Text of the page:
Mea culpa is a Latin phrase that translates into English as "my mistake" or "my fault". To emphasize the message, the adjective "maxima" may be inserted, resulting in mea maxima culpa, which would translate as "my most [grievous] fault."
The origin of the expression is from a prayer of confession of sinfulness used in the Mass of the Roman Catholic Church known as Confiteor (Latin for "I confess"), of which the first evidence dates from shortly before 1100AD. The phrase "mea culpa" appears in the prayer from the 16th century. The Ordinary Form of the Roman Rite text of the prayer is (with the new approved 2010 ICEL English translation, recently put into use) :
- Confíteor Deo omnipoténti et vobis, fratres,
- quia peccávi nimis cogitatióne, verbo, ópere et omissióne:
- mea culpa, mea culpa, mea máxima culpa.
- Ideo precor beátam Maríam semper Vírginem,
- omnes Angelos et Sanctos, et vos, fratres,
- oráre pro me ad Dóminum Deum nostrum.
- I confess to almighty God
- and to you, my brothers and sisters,
- that I have greatly sinned,
- in my thoughts and in my words,
- in what I have done and in what I have failed to do,
- through my fault, through my fault,
- through my most grievous fault;
- therefore I ask blessed Mary ever-Virgin,
- all the Angels and Saints,
- and you, my brothers and sisters,
- to pray for me to the Lord our God.
The text in the Extraordinary Form of the Roman Rite (pre-1970) is (with unofficial English translation):
- Confiteor Deo omnipotenti, beatae Mariae semper Virgini, beato Michaeli Archangelo, beato Joanni Baptistae, sanctis Apostolis Petro et Paulo, omnibus Sanctis, et tibi Pater: quia peccavi nimis cogitatione, verbo et opere: mea culpa, mea culpa, mea maxima culpa. Ideo precor beatam Mariam semper Virginem, beatum Michaelem Archangelum, beatum Joannem Baptistam, sanctos Apostolos Petrum et Paulum, omnes Sanctos, et te Pater, orare pro me ad Dominum Deum Nostrum.
- I confess to Omnipotent God, to Blessed Mary ever Virgin, to Blessed Michael the Archangel, to Blessed John the Baptist, to the Holy Apostles Peter and Paul, to all the angels and Saints, and to you Father: that I have sinned exceedingly in thought, word and deed: through my fault, through my fault, through my most grievous fault. Therefore I beseech the Blessed Mary ever Virgin, Blessed Michael the Archangel, Blessed John the Baptist, the Holy Apostles Peter and Paul, all the Saints, and you, Father, to pray for me to the Lord our God.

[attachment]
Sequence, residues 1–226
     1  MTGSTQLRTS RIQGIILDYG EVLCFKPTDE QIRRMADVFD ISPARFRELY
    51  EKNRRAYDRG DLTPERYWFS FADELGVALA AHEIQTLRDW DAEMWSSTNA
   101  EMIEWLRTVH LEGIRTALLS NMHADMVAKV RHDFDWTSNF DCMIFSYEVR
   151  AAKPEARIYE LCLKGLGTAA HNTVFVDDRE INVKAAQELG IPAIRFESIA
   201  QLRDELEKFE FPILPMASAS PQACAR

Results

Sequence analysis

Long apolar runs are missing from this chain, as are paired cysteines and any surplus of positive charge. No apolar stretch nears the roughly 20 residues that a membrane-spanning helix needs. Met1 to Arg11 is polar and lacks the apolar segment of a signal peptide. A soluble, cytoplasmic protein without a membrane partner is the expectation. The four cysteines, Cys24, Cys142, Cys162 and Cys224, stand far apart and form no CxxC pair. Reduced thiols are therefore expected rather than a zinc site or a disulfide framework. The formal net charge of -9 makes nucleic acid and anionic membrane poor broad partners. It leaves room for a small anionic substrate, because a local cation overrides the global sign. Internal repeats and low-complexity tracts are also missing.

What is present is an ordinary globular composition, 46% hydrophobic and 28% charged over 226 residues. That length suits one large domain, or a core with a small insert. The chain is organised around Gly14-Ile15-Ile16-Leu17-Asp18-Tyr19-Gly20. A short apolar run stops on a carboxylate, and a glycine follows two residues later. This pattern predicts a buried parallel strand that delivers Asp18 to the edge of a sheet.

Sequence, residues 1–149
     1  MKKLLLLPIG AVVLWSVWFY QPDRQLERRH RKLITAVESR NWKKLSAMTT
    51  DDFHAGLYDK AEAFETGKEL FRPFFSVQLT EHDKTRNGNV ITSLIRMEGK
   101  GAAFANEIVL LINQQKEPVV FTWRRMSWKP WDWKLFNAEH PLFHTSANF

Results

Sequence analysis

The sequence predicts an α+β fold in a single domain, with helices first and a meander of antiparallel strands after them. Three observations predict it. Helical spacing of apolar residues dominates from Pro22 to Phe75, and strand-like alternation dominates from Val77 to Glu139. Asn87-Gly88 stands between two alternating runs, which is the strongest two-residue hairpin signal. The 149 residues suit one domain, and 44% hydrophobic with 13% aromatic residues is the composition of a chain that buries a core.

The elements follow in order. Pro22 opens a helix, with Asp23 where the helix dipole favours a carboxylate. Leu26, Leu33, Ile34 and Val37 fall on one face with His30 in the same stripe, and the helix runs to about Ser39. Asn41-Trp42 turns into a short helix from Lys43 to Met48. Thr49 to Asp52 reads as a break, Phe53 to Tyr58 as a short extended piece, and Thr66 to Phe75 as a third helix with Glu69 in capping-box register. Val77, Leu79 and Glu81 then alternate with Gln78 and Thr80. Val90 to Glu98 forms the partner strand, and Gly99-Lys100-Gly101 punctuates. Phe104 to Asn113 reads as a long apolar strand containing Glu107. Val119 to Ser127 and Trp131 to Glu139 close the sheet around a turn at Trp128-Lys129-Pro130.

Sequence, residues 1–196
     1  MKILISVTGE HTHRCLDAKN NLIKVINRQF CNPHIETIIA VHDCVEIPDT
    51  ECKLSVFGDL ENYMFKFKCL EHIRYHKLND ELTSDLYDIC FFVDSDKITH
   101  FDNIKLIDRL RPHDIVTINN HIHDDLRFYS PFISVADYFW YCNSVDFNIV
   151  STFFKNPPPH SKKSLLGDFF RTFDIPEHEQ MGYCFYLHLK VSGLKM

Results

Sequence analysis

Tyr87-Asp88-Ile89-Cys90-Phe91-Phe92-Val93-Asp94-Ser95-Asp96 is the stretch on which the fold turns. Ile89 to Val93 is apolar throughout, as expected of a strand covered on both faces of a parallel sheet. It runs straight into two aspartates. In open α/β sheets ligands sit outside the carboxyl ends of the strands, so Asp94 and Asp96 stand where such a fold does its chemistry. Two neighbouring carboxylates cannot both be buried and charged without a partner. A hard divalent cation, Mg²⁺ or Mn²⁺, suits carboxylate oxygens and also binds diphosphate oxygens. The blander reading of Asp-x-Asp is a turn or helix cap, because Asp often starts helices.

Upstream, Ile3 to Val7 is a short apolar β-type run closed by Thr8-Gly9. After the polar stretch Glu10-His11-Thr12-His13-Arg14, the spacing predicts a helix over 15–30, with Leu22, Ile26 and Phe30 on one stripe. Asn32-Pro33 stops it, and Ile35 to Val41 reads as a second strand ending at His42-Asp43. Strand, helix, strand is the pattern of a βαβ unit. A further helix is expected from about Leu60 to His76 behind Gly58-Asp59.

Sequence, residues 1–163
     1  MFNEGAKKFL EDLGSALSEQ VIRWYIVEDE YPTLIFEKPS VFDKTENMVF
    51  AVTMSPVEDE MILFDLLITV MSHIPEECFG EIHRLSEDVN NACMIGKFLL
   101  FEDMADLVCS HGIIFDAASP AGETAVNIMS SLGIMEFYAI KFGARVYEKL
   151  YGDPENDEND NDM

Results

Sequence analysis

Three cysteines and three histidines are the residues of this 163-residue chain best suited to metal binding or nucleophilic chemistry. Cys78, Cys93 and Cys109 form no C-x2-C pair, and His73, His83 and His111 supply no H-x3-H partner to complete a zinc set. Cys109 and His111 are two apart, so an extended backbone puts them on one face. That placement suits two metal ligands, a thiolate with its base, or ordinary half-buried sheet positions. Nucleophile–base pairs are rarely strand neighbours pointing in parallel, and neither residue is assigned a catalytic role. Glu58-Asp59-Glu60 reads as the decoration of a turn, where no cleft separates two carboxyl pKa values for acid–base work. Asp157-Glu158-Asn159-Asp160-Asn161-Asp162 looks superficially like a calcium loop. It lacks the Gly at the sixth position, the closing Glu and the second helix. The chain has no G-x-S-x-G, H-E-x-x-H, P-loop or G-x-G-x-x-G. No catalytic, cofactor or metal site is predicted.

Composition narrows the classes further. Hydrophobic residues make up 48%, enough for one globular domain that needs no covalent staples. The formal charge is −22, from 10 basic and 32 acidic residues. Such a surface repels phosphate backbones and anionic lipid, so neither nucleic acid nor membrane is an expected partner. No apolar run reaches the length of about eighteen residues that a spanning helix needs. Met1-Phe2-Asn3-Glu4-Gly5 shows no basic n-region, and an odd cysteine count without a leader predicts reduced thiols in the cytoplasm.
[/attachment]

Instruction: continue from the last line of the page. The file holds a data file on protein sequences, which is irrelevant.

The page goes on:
Those saying the prayer beat their breast at the italicized words. The pre-1970 Roman Missal specified that that should be done three times. Anglican Missals have the same prayer, such as the Church of England.
Popular meaning 
In the popular vernacular, the expression mea culpa is an admission of having made a mistake by one's own fault (one that could have been avoided if the person had been more diligent). It may be used even in trivial situations: if a sports player, for instance, admits that his team lost a game because he missed an opportunity to score, this may be called a mea culpa, meaning that he admitted his mistake, which he could have avoided (at least in theory), and that resulted in a subsequent evil.
See also 
- ^ Fortescue, A. (1908). Confiteor. In The Catholic Encyclopedia. New York: Robert Appleton Company. Retrieved March 4, 2009 from: New Advent
- ^ From the 2010 ICEL Translation
- ^ "Authorized Forms of Confession and Absolution", The Church of England, Retrieved February 9th, 2012 from churchofengland.org